It’s common knowledge that homelessness has been a long-running issue, one that’s not been given as much attention as it should be given. It’s only given as much consideration as seen fit by government personnel or individuals who believe they are helping, which is usually only to some extent. However, even the proven current solutions to homelessness have drawbacks that the public should be aware of.
As an issue itself, homelessness has been analyzed and studied for decades to find its end. The topic has been closely studied alongside other trends such as mental health, substance abuse, and, most notably, poverty. However, recent studies have shifted their focus onto more prominent exogenous factors, such as the economy and the distribution of resources.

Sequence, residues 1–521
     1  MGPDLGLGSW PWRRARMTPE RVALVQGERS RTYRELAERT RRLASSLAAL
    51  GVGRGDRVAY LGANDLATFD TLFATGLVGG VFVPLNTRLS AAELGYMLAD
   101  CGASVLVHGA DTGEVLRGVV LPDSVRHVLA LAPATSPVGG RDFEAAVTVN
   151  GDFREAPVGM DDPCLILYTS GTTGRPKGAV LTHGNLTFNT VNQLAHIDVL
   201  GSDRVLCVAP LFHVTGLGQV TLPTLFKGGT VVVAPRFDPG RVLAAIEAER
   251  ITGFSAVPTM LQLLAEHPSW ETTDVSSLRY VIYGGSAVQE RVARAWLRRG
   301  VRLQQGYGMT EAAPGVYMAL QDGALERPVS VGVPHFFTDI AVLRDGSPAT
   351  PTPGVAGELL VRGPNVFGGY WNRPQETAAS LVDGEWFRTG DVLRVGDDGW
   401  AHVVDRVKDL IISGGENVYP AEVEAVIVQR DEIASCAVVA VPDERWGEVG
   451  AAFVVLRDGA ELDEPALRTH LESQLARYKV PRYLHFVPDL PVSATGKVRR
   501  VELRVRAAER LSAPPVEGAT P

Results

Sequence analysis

In the US, 600,000 people are experiencing homelessness, with 80,000 just in New York City. Every day, those with a full-time minimum wage job can barely pay rent. On the other hand, Finland has a total homeless population of 5,000, with zero in its capital of Helsinki. So, how did Finland get there?